Workplace Sexual Harassment Term Paper

Excerpt from Term Paper :

Sexual Harassment

Workplace Sexual Harassment: A Legal and Psychological Overview

Workplace Sexual Harassment, as delineated in the text by Anne C. Levy, & Michele A. Paludi (2001) is a complex issue, marrying human psychology and human sexual and cultural assumptions with the daily demands of the business environment, an environment that can be stressful for everyone where personal relations are concerned. This is why Part I of the text explains not only the American legal system regarding sexual harassment and employment law. It also looks at sexual harassment from a psychological perspective, how women have been perceived in the modern, American workplace. The two perspectives are married in many legal instances. For instance, in terms of setting what the courts have variously considered harassment, the courts have eventually evolved what is called a 'reasonable person' standard as to what constitutes harassment. This has changed and evolved, however, as cultural norms regarding masculinity and femininity have changed and evolved. It has also been challenged by the 'reasonable woman' standard of what constitutes sexual harassment, given the different socializations of the genders regarding sexuality. (Levy & Paludi, 2001)

Part II of Levy and Paludi's text offers case studies centering on the establishment and enforcement of an effective workplace policy statement prohibiting harassment and the enforcement of grievance procedures for investigating complaints. Although both authors acknowledge that personality conflicts between employees will occasionally occur, regardless of the gendered makeup of the workplace, they stress that sexual harassment has occurred when an individual is prevented from doing his or her job to the fullest potentiality of his or her ability because of the actions of another employee. Another form of harassment is when an employee is prevented, because of harassing policies regarding gender, that are constructed by the department in an official and unofficial fashion and make it difficult for women to adequately move up in the corporation's hierarchy, according to salary and promotion, in a way commensurate with other employees, such as policies regarding having children or family leave. Again, the 'reasonable person standard' is the most significant standard, legally, used to judge what constitutes harassment merely general unpleasantness in terms of emotional attitude, and a distinction between necessary company safety and social regulations and regulations intended to discriminate.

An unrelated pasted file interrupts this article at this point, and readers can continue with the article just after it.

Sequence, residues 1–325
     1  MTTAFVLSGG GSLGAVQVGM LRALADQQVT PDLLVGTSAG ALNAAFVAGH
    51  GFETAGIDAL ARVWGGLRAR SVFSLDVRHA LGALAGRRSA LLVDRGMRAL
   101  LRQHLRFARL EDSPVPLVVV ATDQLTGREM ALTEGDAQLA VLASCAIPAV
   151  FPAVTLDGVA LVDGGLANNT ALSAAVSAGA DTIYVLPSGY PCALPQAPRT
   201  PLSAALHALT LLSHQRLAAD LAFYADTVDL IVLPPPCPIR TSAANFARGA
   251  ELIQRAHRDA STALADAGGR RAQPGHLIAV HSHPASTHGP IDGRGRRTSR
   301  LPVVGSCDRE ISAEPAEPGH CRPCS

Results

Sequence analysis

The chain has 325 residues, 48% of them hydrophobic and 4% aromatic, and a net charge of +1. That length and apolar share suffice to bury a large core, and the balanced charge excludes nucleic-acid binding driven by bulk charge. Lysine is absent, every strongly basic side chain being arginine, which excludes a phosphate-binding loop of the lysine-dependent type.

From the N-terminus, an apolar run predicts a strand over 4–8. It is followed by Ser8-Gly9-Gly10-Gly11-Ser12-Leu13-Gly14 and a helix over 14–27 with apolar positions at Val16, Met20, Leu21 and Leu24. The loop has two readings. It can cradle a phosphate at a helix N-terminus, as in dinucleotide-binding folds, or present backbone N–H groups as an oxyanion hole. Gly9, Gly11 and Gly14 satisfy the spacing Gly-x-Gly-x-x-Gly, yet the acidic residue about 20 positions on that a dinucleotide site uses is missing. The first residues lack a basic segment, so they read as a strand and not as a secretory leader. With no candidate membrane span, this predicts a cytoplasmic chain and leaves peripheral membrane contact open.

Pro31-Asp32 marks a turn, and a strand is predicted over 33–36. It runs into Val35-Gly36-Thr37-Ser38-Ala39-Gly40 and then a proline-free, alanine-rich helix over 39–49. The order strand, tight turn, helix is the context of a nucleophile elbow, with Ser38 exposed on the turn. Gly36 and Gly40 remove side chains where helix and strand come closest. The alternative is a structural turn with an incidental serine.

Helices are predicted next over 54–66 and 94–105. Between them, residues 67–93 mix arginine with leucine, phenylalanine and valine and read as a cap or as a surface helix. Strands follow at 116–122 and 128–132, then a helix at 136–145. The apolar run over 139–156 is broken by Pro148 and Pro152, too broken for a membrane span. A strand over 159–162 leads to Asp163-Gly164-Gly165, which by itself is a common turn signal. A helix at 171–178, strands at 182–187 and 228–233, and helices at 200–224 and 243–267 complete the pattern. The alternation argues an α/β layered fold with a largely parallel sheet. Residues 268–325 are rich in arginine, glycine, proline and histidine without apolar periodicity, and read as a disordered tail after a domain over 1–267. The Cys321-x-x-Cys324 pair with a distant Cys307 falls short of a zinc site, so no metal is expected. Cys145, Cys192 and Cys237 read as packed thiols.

Levy and Paludi stress that the law should not become the first and only recourses of those individuals experiencing forms of sexual harassment in the workforce. In fact, these authors devote a section in their text as to how a comprehensive education program for existing employees and a training program for new staff members can help to prevent sexual harassment even before it begins. Role-playing and the discussion of sexual assumptions can help to diffuse major and minor tensions between workplace colleagues and participants, hopefully, although the authors do admit that at times individuals within the context of such programs may be less than candid. Again, the authors stress that an astute understanding of an evolving workplace psychology of positive gender perceptions is key increasing not only awareness but also openness. It is also necessary to create an official in-house workplace policy as well as…

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Works Cited

Levy, Anne C. & Michele Pauldi. (2001) Sexual Harassment in the Workplace. New York: Prentice Hall.

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